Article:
scores or check all three and average them or take the lowest or middle score.

Improving
your score
 
Following these habits can boost your score:

  • Always pay on time: Your payment history makes up the largest chunk of your credit score, so making your payments on time is extremely important.
  • Pay down existing debt: Even if you have never missed a payment, a large debt load will lower your score. Explore ways you can lower your interest rates and free up cash to make more than the minimum payments.
  • Avoid taking on additional debt: Besides paying down existing debt, try to not take on more debt in the future. For revolving credit, ideally you should not charge more than you can pay off in full the next month, but at the very least, try to keep the balance well under half of the credit limit.
  • Check your report for errors (and report them): Many reports contain score-lowering errors, so make sure to check your credit report from the three bureaus at least annually. You can get a free copy of your report once a year from the Annual Credit Report Request Service.
  • Keep your old accounts: A long credit history with the same accounts indicates stability.
  • Limit balance transfers: While transferring balances to “teaser rate” cards can be a way to efficiently get out of debt, it can also have a detrimental effect on your credit score. The accounts will be new and likely have balances close to the limit to maximize the advantage of the low rate – two factors that lower your score.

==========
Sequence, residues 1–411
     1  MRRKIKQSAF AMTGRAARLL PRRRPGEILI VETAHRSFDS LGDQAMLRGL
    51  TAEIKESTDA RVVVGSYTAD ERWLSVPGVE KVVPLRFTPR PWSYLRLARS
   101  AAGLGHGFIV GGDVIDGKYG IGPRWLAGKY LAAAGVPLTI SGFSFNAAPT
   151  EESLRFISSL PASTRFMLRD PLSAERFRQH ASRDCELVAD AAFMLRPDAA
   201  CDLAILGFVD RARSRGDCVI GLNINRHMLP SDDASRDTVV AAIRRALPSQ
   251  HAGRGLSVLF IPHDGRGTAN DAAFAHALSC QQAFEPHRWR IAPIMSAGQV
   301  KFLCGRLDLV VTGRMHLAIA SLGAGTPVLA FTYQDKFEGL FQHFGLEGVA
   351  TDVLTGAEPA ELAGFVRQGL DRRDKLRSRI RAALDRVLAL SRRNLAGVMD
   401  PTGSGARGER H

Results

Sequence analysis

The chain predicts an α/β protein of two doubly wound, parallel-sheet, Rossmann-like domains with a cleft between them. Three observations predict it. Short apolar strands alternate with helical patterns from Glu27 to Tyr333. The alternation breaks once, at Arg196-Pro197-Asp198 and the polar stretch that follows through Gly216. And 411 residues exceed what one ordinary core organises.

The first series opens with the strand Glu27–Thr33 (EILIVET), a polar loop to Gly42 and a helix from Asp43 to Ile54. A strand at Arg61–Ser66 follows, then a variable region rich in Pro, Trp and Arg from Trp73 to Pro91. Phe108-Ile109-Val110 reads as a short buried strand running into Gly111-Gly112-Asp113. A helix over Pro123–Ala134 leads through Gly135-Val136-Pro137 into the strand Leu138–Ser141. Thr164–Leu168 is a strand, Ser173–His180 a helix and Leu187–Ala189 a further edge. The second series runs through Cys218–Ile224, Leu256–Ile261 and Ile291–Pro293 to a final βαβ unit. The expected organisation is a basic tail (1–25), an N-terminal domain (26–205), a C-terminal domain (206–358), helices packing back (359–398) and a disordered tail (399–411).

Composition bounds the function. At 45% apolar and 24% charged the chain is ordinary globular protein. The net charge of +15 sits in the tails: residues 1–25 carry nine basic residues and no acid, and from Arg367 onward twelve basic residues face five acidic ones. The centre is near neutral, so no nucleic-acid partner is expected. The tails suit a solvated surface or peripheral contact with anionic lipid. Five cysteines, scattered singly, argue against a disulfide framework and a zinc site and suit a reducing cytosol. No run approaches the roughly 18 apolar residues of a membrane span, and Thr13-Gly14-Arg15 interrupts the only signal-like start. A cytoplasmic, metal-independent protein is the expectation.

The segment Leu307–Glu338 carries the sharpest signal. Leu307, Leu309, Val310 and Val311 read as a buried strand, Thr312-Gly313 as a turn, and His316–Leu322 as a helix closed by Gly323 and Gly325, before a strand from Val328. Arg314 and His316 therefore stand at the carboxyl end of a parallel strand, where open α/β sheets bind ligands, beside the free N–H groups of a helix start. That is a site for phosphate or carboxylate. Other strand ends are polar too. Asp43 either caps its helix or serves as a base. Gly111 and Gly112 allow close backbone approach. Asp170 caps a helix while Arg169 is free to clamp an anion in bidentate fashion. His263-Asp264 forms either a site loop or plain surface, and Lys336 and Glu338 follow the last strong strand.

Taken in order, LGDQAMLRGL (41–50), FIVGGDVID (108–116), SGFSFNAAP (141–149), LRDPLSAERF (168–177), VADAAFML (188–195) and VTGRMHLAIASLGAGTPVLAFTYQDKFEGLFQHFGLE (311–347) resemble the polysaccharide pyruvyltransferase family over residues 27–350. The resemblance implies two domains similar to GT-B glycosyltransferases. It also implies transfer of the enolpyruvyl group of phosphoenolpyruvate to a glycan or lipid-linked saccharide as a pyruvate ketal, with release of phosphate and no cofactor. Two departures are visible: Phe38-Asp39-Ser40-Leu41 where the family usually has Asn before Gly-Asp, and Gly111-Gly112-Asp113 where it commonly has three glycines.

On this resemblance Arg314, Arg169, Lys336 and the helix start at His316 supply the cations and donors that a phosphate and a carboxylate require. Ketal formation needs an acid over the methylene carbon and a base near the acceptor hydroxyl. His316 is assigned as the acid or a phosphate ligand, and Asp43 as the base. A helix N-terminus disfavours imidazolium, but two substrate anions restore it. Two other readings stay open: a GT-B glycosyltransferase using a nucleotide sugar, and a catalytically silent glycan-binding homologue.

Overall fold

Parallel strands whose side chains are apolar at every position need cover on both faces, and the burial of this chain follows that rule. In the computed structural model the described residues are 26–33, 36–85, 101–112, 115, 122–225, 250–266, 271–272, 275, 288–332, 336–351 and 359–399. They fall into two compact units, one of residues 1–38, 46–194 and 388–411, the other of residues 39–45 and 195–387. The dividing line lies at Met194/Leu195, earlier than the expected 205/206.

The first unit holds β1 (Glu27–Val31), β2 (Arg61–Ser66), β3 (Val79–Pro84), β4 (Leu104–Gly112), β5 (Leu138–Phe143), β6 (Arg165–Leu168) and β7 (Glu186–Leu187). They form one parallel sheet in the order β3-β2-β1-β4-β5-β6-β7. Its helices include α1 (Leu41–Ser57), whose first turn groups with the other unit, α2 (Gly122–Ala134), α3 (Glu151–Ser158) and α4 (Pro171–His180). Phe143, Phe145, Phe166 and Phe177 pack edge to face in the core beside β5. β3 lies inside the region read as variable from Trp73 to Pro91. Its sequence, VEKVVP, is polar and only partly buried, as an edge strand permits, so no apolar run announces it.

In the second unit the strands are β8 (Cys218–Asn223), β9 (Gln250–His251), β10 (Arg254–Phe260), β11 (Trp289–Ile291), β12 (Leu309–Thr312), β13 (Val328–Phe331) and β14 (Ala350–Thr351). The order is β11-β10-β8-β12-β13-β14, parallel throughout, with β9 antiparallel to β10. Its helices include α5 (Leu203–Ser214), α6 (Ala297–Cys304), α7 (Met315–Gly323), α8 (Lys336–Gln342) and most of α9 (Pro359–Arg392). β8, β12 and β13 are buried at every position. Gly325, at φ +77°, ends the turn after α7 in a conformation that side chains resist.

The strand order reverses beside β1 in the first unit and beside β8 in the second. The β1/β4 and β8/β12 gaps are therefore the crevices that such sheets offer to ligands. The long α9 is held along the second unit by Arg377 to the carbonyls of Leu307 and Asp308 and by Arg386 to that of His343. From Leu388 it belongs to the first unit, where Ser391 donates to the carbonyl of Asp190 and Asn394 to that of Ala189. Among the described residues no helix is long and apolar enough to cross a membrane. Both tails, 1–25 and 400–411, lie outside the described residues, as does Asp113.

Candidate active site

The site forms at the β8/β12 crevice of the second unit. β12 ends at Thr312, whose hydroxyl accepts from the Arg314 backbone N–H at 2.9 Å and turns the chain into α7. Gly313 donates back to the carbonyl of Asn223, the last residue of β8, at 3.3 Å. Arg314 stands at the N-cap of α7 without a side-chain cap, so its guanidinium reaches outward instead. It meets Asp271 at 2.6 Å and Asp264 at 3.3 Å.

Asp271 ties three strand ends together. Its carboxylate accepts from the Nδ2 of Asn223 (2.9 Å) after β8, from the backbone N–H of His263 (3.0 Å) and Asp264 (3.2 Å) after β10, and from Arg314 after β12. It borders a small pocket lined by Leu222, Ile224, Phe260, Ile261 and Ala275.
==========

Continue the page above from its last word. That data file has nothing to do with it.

• Avoid excess credit applications: When you apply for credit, your score decreases just a bit. If you do it frequently, a creditor may see it as a sign that you need to rely on credit to pay your obligations.
  • Be patient: It may feel like credit mistakes can haunt you forever but remember that your payment history from the past two years is much more important than what happened before that. Also keep in mind that most negative information is removed from your report after seven years.

Obtaining your score
When you apply for credit, the creditor may provide you with your score at no cost. Otherwise, if you want to see your score, you typically have to pay for it. There are a variety of services that sell different types of credit scores, so when you are purchasing your score, it is extremely important to pay attention to what exactly you are getting.

Checking
your credit score can be helpful if you are planning to get a mortgage or car
loan soon and want to have an idea if you will get approved or qualify for the
best interest rate. Otherwise, you may just want to stick with checking your credit
report, which is available for free. Remember, your score is based on the
information that is in your report.

Annual Credit Report Request Service
www.annualcreditreport.com
(877) 322-8228

You can learn more about understanding your credit score by signing up for a free seminar with Balance.

 

 

 

© This content is provided by our partners at BALANCE.